State Farm Mutual Automobile Insurance Co. v. Campbell
125 S. Ct. 1513 (2003)
Campbell was probably at fault
for a car accident that killed one person and injured another.
The victims offered to settle
for $50k (the maximum of Campbell's insurance policy), but his insurance
company (State Farm), refused and went to court.
Despite the fact that
investigators from State Farm felt that Campbell was likely at fault.
The Court awarded the victims
State Farm told Campbell
they would only pay $50k and suggested the he sell his house to make up
Campbell joined with the
victims and sued State Farm for acting in bad faith.
The case bounced around a bit,
and eventually the Utah Supreme Court awarded Campbell $1M in compensatory
damaged and $145M in punitive damages for intentional infliction of
There was evidence that
State Farm had done this sort of thing numerous times in the past.
The US Supreme Court
overturned the damage award.
The US Supreme Court found
that the excessively high punitive damages in this case violate the Due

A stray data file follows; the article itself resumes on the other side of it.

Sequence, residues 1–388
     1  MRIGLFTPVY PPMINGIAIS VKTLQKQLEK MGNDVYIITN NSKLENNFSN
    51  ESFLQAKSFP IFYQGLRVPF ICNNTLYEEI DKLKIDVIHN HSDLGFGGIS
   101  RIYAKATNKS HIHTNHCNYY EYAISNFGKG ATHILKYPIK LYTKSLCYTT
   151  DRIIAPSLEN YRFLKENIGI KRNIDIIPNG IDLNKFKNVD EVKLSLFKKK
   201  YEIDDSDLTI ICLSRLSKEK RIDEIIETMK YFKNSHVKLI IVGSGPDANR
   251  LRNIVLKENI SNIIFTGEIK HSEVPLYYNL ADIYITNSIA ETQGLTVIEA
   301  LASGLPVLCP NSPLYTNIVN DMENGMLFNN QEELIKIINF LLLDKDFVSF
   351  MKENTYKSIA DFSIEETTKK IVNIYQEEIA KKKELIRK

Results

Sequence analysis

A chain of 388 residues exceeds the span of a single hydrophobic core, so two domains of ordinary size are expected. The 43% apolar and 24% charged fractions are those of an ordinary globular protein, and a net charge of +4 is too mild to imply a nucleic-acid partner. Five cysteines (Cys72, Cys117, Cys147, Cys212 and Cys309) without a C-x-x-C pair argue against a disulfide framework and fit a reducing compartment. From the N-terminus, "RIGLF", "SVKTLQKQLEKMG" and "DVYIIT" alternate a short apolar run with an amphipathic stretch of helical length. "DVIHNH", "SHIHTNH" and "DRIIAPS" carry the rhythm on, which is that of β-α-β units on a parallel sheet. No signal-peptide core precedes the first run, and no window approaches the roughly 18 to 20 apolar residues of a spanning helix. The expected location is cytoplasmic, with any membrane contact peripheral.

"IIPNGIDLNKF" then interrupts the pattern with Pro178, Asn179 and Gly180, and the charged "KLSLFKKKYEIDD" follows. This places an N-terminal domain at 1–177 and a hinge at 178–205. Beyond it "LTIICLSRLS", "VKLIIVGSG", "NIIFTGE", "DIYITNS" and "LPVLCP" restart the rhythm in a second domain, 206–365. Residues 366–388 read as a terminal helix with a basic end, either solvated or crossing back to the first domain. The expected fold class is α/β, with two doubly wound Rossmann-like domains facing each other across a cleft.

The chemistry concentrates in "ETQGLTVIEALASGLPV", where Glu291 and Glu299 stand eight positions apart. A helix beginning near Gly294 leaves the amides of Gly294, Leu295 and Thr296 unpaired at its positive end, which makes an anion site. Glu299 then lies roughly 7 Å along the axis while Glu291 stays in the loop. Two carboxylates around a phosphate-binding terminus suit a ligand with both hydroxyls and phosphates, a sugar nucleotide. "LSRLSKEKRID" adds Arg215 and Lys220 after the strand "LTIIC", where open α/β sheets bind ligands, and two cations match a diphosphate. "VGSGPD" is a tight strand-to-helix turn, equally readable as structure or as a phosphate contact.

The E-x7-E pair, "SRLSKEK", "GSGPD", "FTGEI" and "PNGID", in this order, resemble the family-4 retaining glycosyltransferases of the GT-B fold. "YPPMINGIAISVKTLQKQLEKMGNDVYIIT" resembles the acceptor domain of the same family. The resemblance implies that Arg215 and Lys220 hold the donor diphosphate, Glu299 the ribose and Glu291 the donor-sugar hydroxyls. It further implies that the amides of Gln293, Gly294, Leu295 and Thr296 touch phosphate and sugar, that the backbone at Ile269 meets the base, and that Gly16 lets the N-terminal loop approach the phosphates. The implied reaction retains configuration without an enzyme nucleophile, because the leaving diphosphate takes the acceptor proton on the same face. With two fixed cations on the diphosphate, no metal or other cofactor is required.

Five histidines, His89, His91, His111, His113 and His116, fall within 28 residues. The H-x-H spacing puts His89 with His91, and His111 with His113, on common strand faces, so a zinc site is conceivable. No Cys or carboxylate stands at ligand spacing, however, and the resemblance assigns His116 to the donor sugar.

Process Clause of the 14th
The Court looked to BMW
of North America v. Gore (517 U.S.
559 (1996)), which suggested a three-part test in determining whether a
damage award violated due process:
The degree of
reprehensibility of the defendantŐs conduct.
The ratio or harm to the
compensatory damages awarded.
A comparison of the
punitive damages award to civil or criminal penalties that could be
imposed for comparable misconduct.
Based on the facts of this
case, the Court found that the punitive damage award was neither
reasonable nor proportionate. Therefore it was an "irrational and
arbitrary deprivation of property." Hence a violation of due
As a future guideline, the
Court suggests that "...few awards exceeding a single digit ratio
between punitive and compensatory damages will satisfy due process."